iPhone subsidies make for confusing prices

John Shinal · July 1, 2008 · Short URL: https://vator.tv/n/2d0


It's not easy to put a simple price on a mobile device when you're trying to use subsidies to woo new consumers AND satisfy Steve Jobs.

That's what consumers are now finding out as AT&T and Apple have released more details on the pricing plan for the upcoming 3G version of the iPhone. 

AT&T said today that it will eventually make available versions of the new 3G iPhone that won't require customers to purchase a two-year calling plan. No exact word on when that option will be offered.

Those plans are mandatory for consumers who want either the $199, 8Gb phone or the $299, 16Gb versions, which go on sale July 11.

The price of being free of a contract will be steep, $599 for the 8Gb version and $699 for the 16Gb phone. 

Although people who wait and buy one of those phones will have the option to stick with AT&T on a month-to-month basis, by then there will be plenty of workarounds that will allow consumers to use the phones on other carriers' networks.

It almost seems that AT&T is holding out the carrot that if people wait long enough, they can get an iPhone and use it on AT&T's network without having to commit to a plan.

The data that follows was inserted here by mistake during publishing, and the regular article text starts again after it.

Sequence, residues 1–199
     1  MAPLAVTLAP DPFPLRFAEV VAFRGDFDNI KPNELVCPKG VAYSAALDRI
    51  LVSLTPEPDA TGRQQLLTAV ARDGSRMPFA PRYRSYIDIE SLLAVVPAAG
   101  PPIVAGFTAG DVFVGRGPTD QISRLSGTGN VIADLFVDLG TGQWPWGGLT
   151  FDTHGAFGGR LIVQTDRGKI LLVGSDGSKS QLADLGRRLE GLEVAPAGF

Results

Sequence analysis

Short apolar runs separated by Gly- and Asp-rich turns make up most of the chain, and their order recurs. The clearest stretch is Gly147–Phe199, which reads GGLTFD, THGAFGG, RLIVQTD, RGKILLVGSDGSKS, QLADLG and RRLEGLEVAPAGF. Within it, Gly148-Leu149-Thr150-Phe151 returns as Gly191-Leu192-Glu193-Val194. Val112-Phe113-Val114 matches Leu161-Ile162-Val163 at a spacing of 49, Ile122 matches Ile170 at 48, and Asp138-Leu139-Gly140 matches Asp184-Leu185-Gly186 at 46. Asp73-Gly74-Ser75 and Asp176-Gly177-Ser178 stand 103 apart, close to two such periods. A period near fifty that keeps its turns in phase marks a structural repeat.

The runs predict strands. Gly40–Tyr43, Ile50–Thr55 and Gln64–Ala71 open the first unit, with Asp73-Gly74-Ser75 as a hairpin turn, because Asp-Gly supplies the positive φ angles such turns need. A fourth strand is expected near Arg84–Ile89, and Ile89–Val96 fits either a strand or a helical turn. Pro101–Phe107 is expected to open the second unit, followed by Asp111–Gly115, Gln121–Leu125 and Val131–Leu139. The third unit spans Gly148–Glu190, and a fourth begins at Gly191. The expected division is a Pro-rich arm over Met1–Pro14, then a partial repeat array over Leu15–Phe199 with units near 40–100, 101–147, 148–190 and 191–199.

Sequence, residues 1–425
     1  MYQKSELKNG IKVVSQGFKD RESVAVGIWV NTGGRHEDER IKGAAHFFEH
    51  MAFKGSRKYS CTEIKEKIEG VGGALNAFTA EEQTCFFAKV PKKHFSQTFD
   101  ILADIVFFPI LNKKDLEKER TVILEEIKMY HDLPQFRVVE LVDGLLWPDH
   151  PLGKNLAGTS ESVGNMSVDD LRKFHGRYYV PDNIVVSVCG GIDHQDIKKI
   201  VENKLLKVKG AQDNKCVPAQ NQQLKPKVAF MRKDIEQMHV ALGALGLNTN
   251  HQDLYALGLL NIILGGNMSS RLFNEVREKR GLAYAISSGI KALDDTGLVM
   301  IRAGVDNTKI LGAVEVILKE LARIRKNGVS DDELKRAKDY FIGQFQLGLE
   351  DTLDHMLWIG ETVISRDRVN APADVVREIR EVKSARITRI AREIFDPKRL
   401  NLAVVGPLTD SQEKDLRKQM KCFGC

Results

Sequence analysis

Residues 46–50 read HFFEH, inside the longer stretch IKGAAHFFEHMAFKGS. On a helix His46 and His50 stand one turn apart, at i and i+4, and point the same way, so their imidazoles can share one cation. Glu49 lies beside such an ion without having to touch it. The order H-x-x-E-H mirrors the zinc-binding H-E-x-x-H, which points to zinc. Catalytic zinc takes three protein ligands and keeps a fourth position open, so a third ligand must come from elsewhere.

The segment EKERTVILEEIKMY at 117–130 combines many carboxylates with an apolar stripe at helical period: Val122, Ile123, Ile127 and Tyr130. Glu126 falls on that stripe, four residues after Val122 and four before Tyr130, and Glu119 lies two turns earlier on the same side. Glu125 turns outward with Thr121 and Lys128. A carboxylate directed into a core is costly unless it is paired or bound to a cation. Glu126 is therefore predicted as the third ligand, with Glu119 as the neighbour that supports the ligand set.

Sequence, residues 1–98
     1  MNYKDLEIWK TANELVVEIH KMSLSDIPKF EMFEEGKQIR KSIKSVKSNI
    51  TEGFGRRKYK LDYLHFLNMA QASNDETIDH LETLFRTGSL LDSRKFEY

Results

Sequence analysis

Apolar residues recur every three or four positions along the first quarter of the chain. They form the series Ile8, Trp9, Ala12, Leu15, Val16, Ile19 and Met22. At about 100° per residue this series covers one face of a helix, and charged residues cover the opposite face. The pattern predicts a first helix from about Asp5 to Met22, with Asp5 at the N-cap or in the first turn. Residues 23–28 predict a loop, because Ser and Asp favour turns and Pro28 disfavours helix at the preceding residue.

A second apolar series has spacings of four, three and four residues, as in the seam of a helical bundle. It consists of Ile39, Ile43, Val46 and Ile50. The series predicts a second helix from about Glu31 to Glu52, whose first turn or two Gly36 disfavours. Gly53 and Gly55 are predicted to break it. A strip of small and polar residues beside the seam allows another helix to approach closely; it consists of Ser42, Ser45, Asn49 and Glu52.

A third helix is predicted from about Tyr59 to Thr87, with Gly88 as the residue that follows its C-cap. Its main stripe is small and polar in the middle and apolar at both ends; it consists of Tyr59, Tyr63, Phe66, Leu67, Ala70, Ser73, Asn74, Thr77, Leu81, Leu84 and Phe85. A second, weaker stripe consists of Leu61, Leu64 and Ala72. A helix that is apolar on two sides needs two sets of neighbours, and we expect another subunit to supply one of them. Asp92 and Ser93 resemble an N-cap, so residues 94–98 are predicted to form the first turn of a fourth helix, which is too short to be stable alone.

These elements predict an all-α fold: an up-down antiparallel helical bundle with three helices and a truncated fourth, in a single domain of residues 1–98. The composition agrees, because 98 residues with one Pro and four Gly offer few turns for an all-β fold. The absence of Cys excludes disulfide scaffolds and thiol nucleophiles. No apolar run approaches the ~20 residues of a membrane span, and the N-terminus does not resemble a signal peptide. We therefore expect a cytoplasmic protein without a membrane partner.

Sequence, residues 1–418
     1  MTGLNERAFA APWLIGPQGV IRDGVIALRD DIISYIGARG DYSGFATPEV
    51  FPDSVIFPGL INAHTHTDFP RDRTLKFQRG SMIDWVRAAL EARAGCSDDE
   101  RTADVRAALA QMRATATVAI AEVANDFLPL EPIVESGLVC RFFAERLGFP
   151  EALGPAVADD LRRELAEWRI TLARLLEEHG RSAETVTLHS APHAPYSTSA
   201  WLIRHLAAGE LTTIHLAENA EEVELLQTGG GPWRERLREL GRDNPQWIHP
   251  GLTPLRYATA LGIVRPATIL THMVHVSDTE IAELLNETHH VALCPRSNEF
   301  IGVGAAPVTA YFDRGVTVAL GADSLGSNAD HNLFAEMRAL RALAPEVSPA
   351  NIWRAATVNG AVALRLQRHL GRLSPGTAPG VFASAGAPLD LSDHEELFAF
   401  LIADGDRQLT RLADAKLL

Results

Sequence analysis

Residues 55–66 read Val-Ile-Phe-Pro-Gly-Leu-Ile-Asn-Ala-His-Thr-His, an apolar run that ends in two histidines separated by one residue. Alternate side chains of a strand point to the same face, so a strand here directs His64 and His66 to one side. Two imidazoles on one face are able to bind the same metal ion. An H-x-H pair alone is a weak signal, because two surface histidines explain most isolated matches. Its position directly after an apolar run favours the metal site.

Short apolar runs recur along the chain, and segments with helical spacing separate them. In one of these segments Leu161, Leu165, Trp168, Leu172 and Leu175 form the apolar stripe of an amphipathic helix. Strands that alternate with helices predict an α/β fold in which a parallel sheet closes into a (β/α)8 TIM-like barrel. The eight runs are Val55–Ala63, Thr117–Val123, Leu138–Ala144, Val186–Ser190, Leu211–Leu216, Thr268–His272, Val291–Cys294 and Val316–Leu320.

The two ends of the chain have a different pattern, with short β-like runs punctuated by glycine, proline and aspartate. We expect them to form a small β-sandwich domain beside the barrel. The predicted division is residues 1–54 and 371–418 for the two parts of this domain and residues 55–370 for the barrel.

The real losers are existing AT&T customers, who will have to pay $399 and $499 and still sign a two-year contract. 

All these numbers suggest that AT&T is willing to pay at least a $200 per phone subsidy to bring new users into its network.

But it's willing to pay even more to make sure iPhone user sign a contract. That shouldn't be a surprise given that the cheapest calling plan, for 450 minutes, costs $70 a  month -- without text messaging.  Add in another $20 for unlimited texting and multiply by 24 months gives you $2,160.

A teardown by the research firm iSuppli estimated that it's costing Apple $173 to make each of the new 8G iPhones, which would make the AT&T subsidy $227. That's a nice bit of cash to Steve Jobs to help him seed the mobile phone market for his device.

For the initial version, Apple had to charge more for the iPhone, agreeing to take part of the haul from the calling plans rather than having the device subsidized. But the two companies quickly changed that plan, with AT&T boosting its subsidy so Apple could drop the price and sell more iPhones.

Those who paid $399 out the gate were simply left fuming. 

With the new cost structure, it looks like Apple may be giving up some revenue down the road -- since the calling plans are worth much more than the phone over two years -- in exchange for getting more up front.

And AT&T gets what it wants -- more new subscribers locked into expensive, two-year calling plans.

All that's required is another iPhone buying frenzy. Stay tuned for July 11. 

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